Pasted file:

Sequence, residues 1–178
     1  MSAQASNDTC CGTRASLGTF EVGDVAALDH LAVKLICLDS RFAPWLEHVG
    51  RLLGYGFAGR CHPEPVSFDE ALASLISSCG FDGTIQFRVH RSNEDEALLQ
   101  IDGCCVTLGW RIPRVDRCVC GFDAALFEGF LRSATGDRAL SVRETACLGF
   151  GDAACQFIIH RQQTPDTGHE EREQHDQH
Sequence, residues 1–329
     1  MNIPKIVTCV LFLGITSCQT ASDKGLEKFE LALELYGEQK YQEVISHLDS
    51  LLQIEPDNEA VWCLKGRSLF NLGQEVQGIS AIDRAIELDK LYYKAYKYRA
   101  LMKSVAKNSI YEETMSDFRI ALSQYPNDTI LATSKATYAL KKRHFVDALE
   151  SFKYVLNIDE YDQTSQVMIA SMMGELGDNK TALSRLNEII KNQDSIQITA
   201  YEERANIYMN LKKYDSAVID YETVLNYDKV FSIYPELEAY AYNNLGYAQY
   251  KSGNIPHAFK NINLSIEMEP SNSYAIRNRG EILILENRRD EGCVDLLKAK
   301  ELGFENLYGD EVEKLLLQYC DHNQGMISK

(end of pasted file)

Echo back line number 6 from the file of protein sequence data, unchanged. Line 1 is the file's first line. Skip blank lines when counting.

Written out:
Sequence, residues 1–329